Ooh. This is really interesting for me–I come up as an ENFP or INFP depending on the day of the week, though it’s been a while since I took the test. I have the *hardest* time coming to decisions about the future, and lately I’ve been thinking about that “stability” thing. It feels like I do want some stability–a groove I can slip into that fits me fairly well, from which I can branch out and do interesting things. On the other hand, I know I get bored easily. I wonder sometimes if I’ll ever be “career-track” anything, for the exact reason you mention: when I think of settling down and putting in effort to become a [insert career here], I start to worry that I’ll be closing off my other options. And yet, I want to become *really good* at something–or maybe more than one something–not just a dilettante playing around on the edges, you know? And I’d like to make more than minimum wage, that’d be great too.

    Projects, though, as a way of conceptualizing things–that really resonates. I could easily tell you what projects I’m working on now, what I was working on a year ago, six months ago, three years ago.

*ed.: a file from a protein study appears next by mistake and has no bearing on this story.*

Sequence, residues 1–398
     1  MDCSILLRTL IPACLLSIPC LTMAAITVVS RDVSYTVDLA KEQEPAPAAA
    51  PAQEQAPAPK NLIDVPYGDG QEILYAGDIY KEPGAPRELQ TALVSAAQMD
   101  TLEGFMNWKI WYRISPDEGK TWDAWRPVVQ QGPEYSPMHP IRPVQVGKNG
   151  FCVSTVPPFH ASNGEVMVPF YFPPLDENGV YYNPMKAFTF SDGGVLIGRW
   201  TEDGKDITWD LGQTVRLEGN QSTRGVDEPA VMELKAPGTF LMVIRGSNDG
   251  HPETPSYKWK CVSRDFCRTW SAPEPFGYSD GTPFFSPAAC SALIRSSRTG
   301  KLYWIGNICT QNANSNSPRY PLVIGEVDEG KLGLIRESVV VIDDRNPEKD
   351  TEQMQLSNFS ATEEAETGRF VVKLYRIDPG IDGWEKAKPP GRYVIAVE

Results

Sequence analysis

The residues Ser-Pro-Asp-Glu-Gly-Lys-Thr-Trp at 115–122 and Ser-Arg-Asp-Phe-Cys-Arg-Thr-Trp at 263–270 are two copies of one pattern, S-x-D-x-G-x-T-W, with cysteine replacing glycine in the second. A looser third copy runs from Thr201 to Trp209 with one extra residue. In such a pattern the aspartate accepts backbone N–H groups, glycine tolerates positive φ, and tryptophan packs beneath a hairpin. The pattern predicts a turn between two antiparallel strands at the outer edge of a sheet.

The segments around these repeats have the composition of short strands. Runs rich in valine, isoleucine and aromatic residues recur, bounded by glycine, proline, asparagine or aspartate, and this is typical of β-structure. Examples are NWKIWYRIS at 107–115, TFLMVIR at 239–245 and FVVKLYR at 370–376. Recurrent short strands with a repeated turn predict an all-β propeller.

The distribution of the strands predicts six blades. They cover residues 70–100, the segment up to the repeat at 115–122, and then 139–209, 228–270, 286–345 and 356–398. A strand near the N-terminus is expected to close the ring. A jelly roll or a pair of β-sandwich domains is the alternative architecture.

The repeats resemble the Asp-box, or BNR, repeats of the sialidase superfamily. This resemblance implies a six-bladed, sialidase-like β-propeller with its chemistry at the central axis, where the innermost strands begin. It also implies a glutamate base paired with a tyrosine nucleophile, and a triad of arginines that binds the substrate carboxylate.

I’m pretty sure my sweetheart is a J, which is interesting when we’re trying to plan things together. Any thoughts on how to work with a J spouse for things like that, and not get one’s P side completely flattened?

    • September 27, 2011 09:49

      I definitely struggle with the desire for ‘mastery’ vs. needing to change activities a lot. At this point, I’m looking at mastery as being in a meta sense (i.e., one level removed), so that what I’m good at is adapting to new circumstances and making the best of them. Because J’s really hate change. But our rapidly-changing world is tailor-made for the resilience and flexibility and creative thinking of P’s. We’ve got stuff to teach J’s, rather than what they’re used to – trying to make us more like them.

      Dealing with J’s and not getting flattened? Talking about Myers-Briggs helps a lot because then there’s a vocabulary to explain the advantages of being a P (or NF or whatever). It’s easier with a partner than my parents or in-laws, because with Spouse, we’re both equals, and I can say, “sweetie, we’re different; here’s what I need to do…” He readily admits now that often my way is better than his, and he wishes he could be more like me. 🙂